"I regularly train counselors, probation officers, judges, court personnel, police, shelter workers, and others," said Douglas in the document. "I do this nationally and internationally. I am experienced in four models of batterer treatment."

He says he helped establish court-ordered treatment standards for offenders in Massachusetts and helped establish police standards for handling domestic violence cases. He also says he co-founded and was the co-director of  "Common Purpose, Inc.," a program for alleged "batterers."

The father says incredible roadblocks have appeared at every turn in his quest to be reunited with his son. This indicates to him that somebody has been pulling strings who knows his case intimately and is well connected in the domestic violence industry.

For example, several documents favorable to him have disappeared from the file, the father says. One of these, according to court records, was a report which was later "found" in Douglas' home with a portion redacted which the father says had contained exculpatory information from a doctor. The incomplete report "found" by the ex-wife was then officially docketed into his impounded file.

The father has also been haunted by a 1994 report by a lawyer who was appointed by the court to advise it on the best interests of the child. The report from the lawyer, Lisa Steckler, included recommendations from two social workers for treatment of the father. The social workers were friends and associates of Douglas who had never met nor interviewed the father. MassNews spoke with both of the social workers and their admissions seriously discredit the report.

The father even says he has been physically assaulted. He claims he was dragged from his car in July 1996 and assaulted by two men who appeared to be police officers by the shoes they wore and the car they drove. He says the men threatened him to stay away from court if he wanted to see his son again. A Malden Hospital Emergency Room report confirms he was assaulted and cut. Massachusetts News also checked with the Malden Police who were unable to locate a report of the incident.

That particular incident, he says, occurred just three days after the couple sought unsuccessfully in District Court to have him jailed for violating his restraining order after his son contacted him. The father had an exception on his Restraining Order allowing the son to contact him, court documents show. The case was dismissed.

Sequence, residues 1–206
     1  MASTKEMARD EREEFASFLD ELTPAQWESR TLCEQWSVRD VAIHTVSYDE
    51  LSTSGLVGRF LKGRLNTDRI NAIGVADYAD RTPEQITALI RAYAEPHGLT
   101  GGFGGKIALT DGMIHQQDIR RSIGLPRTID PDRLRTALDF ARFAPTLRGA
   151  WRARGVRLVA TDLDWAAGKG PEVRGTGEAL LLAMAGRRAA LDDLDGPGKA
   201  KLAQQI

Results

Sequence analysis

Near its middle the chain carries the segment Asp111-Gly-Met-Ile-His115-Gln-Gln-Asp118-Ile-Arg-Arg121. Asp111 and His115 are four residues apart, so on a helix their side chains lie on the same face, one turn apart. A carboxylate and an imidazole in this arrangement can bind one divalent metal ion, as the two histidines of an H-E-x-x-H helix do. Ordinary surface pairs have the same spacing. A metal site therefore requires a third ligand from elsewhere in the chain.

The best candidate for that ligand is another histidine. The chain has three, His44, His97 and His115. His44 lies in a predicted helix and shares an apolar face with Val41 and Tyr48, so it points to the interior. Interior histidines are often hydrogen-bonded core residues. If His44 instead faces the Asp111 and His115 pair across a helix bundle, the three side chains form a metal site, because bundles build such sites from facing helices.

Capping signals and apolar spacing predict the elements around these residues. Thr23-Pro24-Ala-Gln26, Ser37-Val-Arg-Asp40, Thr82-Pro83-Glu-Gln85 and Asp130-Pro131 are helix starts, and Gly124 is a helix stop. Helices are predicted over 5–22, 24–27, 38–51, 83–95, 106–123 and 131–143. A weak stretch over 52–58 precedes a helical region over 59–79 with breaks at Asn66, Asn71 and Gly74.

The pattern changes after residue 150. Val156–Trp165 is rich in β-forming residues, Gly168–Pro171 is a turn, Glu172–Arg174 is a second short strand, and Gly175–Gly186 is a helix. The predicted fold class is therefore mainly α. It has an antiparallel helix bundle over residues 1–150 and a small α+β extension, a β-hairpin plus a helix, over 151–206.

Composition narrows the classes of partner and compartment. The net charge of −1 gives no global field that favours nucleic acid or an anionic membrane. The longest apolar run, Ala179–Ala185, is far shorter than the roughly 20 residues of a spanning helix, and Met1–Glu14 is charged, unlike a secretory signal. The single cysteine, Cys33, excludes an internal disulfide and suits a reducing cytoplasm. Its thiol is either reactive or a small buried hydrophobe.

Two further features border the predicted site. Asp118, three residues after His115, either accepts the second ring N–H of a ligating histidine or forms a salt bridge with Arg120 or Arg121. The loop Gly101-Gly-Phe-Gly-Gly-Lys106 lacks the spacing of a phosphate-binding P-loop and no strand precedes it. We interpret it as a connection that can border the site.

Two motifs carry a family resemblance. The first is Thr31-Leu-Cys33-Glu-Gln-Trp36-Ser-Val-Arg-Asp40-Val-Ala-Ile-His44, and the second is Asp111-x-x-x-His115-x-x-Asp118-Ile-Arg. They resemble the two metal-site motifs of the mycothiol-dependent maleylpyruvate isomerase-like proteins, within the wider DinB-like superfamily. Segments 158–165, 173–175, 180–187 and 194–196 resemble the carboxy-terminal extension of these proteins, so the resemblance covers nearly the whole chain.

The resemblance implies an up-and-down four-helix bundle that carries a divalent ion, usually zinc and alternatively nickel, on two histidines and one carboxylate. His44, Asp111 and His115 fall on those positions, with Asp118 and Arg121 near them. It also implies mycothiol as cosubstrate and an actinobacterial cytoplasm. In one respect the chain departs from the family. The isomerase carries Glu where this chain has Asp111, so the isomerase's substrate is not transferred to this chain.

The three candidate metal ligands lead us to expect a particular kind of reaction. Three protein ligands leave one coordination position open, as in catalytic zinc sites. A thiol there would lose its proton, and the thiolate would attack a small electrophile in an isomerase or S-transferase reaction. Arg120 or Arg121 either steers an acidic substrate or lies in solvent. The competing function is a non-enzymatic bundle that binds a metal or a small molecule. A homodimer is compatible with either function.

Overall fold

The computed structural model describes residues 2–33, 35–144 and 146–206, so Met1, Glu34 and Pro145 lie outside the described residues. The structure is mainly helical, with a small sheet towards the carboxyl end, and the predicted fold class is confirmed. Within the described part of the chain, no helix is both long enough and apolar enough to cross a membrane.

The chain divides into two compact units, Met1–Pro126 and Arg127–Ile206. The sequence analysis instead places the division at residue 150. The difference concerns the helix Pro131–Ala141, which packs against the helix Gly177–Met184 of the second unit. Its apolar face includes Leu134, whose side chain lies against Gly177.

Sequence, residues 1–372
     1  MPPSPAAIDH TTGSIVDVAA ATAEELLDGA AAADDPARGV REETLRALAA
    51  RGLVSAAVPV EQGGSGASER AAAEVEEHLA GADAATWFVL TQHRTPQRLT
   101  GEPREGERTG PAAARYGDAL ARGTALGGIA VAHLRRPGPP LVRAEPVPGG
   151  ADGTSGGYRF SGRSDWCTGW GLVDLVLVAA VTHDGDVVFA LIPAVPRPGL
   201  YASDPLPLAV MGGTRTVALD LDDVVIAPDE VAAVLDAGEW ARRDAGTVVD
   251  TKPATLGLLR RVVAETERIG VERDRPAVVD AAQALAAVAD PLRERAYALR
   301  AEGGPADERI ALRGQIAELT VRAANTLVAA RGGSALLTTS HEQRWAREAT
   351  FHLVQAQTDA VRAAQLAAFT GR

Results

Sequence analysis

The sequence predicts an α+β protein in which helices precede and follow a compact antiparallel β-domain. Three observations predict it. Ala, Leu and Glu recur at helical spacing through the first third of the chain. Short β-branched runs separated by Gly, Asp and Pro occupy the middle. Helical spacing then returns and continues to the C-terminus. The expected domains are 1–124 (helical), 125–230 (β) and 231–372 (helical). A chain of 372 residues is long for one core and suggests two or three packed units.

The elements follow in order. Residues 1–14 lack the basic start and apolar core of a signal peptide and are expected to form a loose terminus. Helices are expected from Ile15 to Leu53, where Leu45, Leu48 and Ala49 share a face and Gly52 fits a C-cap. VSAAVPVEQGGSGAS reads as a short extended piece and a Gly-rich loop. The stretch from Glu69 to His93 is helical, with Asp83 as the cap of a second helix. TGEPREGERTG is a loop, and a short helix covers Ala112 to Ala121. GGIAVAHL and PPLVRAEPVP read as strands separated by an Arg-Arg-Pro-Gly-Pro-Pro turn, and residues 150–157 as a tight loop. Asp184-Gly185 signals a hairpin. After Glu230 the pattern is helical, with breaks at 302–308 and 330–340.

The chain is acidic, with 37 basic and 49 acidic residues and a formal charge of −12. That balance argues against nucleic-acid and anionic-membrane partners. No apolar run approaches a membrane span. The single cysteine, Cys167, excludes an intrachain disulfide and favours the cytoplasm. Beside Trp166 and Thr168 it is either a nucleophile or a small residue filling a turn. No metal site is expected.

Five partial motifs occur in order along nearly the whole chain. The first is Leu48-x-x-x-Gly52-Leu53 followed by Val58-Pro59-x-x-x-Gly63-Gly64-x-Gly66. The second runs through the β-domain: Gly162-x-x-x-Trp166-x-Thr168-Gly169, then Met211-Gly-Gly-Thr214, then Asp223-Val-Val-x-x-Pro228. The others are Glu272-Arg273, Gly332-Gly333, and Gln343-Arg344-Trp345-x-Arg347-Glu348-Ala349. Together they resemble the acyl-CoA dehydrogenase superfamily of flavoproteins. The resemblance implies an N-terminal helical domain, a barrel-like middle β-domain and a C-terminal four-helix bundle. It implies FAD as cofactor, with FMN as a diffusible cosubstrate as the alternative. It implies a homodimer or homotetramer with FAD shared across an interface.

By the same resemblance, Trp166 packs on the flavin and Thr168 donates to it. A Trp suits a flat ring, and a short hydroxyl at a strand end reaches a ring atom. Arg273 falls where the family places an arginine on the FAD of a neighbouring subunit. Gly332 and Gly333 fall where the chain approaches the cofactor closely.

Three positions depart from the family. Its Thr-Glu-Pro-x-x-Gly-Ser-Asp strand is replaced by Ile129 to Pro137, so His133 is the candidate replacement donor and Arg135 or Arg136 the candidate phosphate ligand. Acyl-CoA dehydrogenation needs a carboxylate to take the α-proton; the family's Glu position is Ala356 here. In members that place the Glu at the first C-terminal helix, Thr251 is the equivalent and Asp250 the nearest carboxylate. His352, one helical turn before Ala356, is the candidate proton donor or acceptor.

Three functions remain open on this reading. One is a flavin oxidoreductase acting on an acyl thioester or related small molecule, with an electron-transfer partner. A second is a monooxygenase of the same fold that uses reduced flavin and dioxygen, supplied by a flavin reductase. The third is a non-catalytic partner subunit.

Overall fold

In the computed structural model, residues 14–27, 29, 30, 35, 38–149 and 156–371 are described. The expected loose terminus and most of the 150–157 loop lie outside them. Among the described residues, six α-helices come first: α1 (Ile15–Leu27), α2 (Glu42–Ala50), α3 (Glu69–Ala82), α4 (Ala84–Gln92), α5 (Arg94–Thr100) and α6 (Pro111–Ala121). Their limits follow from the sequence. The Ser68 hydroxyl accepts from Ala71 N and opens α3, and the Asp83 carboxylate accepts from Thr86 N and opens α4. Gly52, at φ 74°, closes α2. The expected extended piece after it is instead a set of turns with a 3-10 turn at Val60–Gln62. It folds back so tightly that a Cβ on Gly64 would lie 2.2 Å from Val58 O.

Boy Was Damaged
When the youngster was at home with his father, he had structure and chores. He played sports, learned music and did well in school. Documents show the son resented the discipline, such as making him write essays or do chores.

The father believes that his son was enticed to go along with the mother and stepfather's restraining orders against him because they allowed the boy to live virtually unsupervised as a young teen. But freedom was too much for a young boy to handle. There is documented evidence supporting that view.

According to court documents, Mass General Hospital's Barbara Beardsley wrote the Probate Court in September 1995 regarding Douglas and his wife. "I have become increasingly concerned that [the boy] is not receiving adequate supervision and is setting his own rules for living to an extent which puts him at considerable risk. My recommendation is that [the boy's] mother and stepfather need to institute a plan to regain control of [him]. If an effective plan cannot be created within a reasonable amount of time, then I will move to involve the Department of Social Services through a 51A."

When Douglas was faced with the embarrassing prospect of having a 51A Report (suspected child abuse report) lodged against him, he immediately wrote a letter to Beardsley to tell her that he was already working on the problem, according to a redacted letter the father obtained from the boy's DSS file.

Douglas wrote that he had had numerous contacts with various professionals about the boy, then detailed for Beardsley his service plan.

Problem: The boy not coming home at night.